Getting started with Docker

In this tutorial, we'll run matchbox on your Linux machine with Docker to network boot and provision a cluster of QEMU/KVM Container Linux machines locally. You'll be able to create Kubernetes clusters, etcd3 clusters, and test network setups.

Note: To provision physical machines, see network setup and deployment.


Install the package dependencies and start the Docker daemon.

$ # Fedora
$ sudo dnf install docker virt-install virt-manager
$ sudo systemctl start docker

$ # Debian/Ubuntu
$ # check Docker's docs to install Docker 1.8+ on Debian/Ubuntu
$ sudo apt-get install virt-manager virtinst qemu-kvm

Clone the matchbox source which contains the examples and scripts.

$ git clone
$ cd matchbox

Download CoreOS Container Linux image assets referenced by the etcd3 example to examples/assets.

$ ./scripts/get-coreos stable 1576.4.0 ./examples/assets

For development convenience, add /etc/hosts entries for nodes so they may be referenced by name.

# /etc/hosts


Run the matchbox and dnsmasq services on the docker0 bridge. dnsmasq will run DHCP, DNS and TFTP services to create a suitable network boot environment. matchbox will serve configs to machines as they PXE boot.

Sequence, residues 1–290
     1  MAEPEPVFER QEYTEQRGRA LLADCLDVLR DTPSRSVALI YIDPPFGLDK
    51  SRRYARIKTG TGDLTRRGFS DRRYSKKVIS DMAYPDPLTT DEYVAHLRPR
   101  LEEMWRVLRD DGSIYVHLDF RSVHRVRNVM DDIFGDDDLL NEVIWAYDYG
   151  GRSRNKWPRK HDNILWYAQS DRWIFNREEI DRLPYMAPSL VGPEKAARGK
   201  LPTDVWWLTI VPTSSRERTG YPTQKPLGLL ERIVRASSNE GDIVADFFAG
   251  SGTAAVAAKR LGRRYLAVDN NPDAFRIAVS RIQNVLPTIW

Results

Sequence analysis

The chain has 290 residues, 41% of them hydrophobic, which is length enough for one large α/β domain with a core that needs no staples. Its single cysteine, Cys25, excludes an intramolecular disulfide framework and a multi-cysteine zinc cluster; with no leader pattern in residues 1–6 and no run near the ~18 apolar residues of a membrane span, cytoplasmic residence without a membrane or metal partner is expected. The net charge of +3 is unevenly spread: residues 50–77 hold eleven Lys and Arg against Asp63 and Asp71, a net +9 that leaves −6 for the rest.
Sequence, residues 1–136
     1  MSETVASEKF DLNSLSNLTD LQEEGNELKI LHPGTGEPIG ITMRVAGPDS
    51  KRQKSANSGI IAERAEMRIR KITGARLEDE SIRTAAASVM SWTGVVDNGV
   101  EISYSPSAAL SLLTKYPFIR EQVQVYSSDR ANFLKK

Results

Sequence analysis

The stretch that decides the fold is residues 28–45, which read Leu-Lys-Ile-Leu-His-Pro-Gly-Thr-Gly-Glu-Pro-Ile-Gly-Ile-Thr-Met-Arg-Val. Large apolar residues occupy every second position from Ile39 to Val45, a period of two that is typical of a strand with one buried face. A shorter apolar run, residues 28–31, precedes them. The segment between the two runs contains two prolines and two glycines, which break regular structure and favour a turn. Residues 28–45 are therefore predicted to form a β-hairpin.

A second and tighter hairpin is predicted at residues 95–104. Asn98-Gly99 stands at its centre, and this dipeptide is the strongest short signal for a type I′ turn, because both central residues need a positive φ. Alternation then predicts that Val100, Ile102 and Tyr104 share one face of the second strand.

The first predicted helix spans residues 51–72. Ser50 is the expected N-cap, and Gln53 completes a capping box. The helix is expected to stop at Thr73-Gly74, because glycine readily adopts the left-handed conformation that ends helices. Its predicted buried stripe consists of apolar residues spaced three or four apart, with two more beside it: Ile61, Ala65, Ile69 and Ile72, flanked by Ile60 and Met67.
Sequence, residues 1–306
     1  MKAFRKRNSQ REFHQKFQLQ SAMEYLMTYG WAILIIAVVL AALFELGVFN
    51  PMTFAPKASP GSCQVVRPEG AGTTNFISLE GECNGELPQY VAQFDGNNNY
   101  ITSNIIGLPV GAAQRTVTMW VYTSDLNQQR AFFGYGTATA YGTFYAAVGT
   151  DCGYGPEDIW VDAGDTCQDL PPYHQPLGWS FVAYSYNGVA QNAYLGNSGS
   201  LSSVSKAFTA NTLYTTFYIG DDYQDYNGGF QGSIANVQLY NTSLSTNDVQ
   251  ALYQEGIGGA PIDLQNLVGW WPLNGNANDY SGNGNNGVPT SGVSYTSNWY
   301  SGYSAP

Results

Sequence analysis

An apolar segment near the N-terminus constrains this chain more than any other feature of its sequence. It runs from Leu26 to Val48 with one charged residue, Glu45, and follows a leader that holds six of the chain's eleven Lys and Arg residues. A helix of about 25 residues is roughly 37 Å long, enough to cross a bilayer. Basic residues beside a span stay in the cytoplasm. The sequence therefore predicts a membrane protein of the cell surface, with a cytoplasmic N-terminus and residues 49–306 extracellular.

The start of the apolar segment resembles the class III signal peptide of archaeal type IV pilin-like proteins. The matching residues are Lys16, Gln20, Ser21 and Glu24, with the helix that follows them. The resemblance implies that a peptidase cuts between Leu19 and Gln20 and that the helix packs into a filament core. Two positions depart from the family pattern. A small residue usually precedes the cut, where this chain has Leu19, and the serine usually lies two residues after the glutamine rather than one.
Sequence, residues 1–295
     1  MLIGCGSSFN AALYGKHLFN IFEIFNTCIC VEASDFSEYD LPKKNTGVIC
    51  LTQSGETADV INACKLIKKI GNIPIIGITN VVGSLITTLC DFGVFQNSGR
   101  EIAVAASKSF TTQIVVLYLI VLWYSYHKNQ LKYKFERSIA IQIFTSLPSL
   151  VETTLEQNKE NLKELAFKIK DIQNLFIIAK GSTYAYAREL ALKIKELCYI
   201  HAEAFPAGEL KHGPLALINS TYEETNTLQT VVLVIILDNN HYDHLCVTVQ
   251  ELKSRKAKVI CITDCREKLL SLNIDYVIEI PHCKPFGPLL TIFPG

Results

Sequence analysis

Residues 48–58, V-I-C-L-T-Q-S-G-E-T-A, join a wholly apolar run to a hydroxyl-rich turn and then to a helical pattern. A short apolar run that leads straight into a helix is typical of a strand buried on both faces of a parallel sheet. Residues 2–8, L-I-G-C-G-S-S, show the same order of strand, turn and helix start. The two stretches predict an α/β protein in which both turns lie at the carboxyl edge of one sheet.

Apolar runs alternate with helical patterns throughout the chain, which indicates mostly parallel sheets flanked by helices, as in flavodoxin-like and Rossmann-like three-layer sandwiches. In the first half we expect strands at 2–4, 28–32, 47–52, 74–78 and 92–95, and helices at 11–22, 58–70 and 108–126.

The devnet convenience script can start these services and accepts the name of any example cluster in examples.

$ sudo ./scripts/devnet create etcd3

Inspect the logs.

$ sudo ./scripts/devnet status

Take a look at the etcd3 groups to get an idea of how machines are mapped to Profiles. Explore some endpoints exposed by the service, say for QEMU/KVM node1.


If you prefer to start the containers yourself, instead of using devnet,

$ sudo docker run -p 8080:8080 --rm -v $PWD/examples:/var/lib/matchbox:Z -v $PWD/examples/groups/etcd3:/var/lib/matchbox/groups:Z -address= -log-level=debug
$ sudo docker run --name dnsmasq --cap-add=NET_ADMIN -v $PWD/contrib/dnsmasq/docker0.conf:/etc/dnsmasq.conf:Z -d

Client VMs

Create QEMU/KVM VMs which have known hardware attributes. The nodes will be attached to the docker0 bridge, where Docker containers run.

$ sudo ./scripts/libvirt create

You can connect to the serial console of any node (ctrl+] to exit). If you provisioned nodes with an SSH key, you can SSH after bring-up.

$ sudo virsh console node1
$ ssh

You can also use virt-manager to watch the console.

$ sudo virt-manager

Use the wrapper script to act on all nodes.

$ sudo ./scripts/libvirt [start|reboot|shutdown|poweroff|destroy]


The VMs should network boot and provision themselves into a three node etcd3 cluster, with other nodes behaving as etcd3 gateways.

The example profile added autologin so you can verify that etcd3 works between nodes.

$ systemctl status etcd-member
$ etcdctl set /message hello
$ etcdctl get /message

Clean up

Clean up the containers and VM machines.

$ sudo ./scripts/devnet destroy
$ sudo ./scripts/libvirt destroy

Going further

Learn more about matchbox or explore the other example clusters. Try the k8s example to produce a TLS-authenticated Kubernetes cluster you can access locally with kubectl.